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The Skaggs Institute for Chemical Biology
Scientific Report 1999-2000


Chemical Physiology


B.F. Cravatt, G. Adam, L. Crane, D. Kidd, K. Kustedjo, N. Jessani, G. Hawkins, M.H. Bracey, Y. Liu

Our laboratory is interested in understanding complex physiology and behavior at the level of chemistry and molecules. At the center of cross talk between different physiologic processes are endogenous compounds that act as a molecular mode for intersystem communication. However, many of these molecular messages remain unknown, and even in the cases in which the participating molecules have been defined, the mechanisms by which these compounds function are for the most part still a mystery.

Our current efforts focus on a family of chemical messengers termed the fatty acid amides, which affect many physiologic functions, including sleep, thermoregulation, pain sensitivity, and angiogenesis. In particular, one member of this family, oleamide, accumulates selectively in the cerebrospinal fluid of tired animals. This finding suggests that oleamide may be a molecular indicator of the organism's need for sleep, and, indeed, rats treated with oleamide fall asleep.

The in vivo levels of chemical messengers such as the fatty acid amides must be tightly regulated to maintain proper control over the influence of the messengers on brain and body physiology. We are characterizing one mechanism by which the level of fatty acid amides can be regulated in vivo. The enzyme fatty acid amide hydrolase degrades the fatty acid amides to inactive metabolites (Fig. 1). Thus, fatty acid amide hydrolase effectively terminates the signaling messages conveyed by fatty acid amides, possibly ensuring that these molecules do not generate physiologic responses in excess of their intended purpose.

We are using genetic and synthetic chemistry techniques to study the role of fatty acid amide hydrolase in the dynamic regulation of fatty acid amide levels in vivo. We are also interested in proteins responsible for both the biosynthesis of fatty acid amides and the selective uptake of the amides into cells and in determining novel molecular sites of action for these compounds.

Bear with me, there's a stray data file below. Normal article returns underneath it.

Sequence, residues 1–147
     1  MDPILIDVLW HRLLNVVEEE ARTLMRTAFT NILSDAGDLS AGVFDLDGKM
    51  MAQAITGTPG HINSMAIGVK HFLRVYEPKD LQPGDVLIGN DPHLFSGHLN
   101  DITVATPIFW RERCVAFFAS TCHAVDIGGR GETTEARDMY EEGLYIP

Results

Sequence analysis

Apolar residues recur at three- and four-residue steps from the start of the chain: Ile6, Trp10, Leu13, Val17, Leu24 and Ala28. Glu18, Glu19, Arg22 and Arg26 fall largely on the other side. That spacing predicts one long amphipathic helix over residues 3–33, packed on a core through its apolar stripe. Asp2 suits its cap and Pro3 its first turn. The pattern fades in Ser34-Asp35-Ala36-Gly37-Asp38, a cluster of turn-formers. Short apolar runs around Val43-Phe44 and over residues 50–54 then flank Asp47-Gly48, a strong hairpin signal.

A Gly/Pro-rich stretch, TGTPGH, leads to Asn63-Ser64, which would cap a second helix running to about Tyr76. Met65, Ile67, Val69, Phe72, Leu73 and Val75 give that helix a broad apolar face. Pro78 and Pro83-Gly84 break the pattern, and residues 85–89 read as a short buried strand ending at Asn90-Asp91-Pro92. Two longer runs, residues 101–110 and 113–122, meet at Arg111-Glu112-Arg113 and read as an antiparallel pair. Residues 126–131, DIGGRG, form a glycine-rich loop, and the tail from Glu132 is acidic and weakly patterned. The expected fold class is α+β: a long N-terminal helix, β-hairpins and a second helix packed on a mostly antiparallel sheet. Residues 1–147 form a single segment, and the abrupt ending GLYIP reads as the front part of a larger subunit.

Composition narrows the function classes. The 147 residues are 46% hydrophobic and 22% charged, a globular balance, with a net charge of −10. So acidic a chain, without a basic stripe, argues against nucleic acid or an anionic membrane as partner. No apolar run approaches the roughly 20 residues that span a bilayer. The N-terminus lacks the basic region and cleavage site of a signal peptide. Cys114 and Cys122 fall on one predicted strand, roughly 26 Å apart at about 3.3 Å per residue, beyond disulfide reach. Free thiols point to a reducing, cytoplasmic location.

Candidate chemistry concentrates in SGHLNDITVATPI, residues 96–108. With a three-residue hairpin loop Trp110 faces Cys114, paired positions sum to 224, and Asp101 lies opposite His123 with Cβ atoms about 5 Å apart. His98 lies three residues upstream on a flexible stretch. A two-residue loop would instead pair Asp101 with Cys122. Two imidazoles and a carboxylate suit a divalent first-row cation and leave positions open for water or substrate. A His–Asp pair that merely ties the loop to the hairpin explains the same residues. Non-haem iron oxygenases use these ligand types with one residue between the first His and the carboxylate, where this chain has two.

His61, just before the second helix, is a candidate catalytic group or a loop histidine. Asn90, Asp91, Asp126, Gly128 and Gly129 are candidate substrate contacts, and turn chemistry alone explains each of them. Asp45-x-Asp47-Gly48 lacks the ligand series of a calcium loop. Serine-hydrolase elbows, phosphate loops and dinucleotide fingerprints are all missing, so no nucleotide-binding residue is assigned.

A second major focus of the laboratory is the design and use of chemical probes for the global analysis of protein function. The evolving field of proteomics, defined as the simultaneous analysis of the complete protein content of a given cell or tissue, faces considerable conceptual and technical challenges. We hope to enhance the quality of information obtained from proteomics experiments by using chemical probes that read out the collective catalytic activities of entire classes of enzymes. These probes would thus be a means of recording variations in protein function independent of alterations in protein abundance, offering a potentially powerful and complimentary set of tools for proteome analysis.

We have succeeded in generating one such chemical reagent, FP-biotin, that targets the serine hydrolases, a large family of enzymes composed of numerous proteases, lipases, esterases, and amidases. We are using FP-biotin to explore the roles that serine hydrolases play in a variety of physiologic and pathologic processes. Additionally, in an ongoing collaboration with E.J. Sorensen, the Skaggs Institute, to expand our capacity to profile proteins in an activity-based manner, we are designing and testing chemical probes that target other enzyme families.

Publications

Adam, G.C., Cravatt, B.F., Sorensen, E.J. Profiling the specific reactivity of the proteome with nondirected activity-based probes. Chem. Biol., in press.

Cravatt. B.F., Sorensen E.J. Chemical strategies for the global analysis of protein function. Curr. Opin. Chem. Biol. 10:2613, 2000.

Kustedjo, K., Bracey, M.H., Cravatt, B.F. Torsin A and its torsion dystonia-associated mutant forms are lumenal glycoproteins that exhibit distinct subcellular localizations. J. Biol. Chem. 275:27933, 2000.

Liu, Y., Patricelli, M.P., Cravatt, B.F. Activity-based protein profiling: The serine hydrolases. Proc. Natl. Acad. Sci. U. S. A. 96:14694, 1999.

Patricelli, M.P., Cravatt, B.F. Clarifying the catalytic roles of conserved residues in the amidase signature family. J. Biol. Chem. 275:19177, 2000.

Patricelli, M.P., Cravatt, B.F. Fatty acid amide hydrolase competitively degrades bioactive amides and esters through a nonconventional catalytic mechanism. Biochemistry 38:14125, 1999.

 

 







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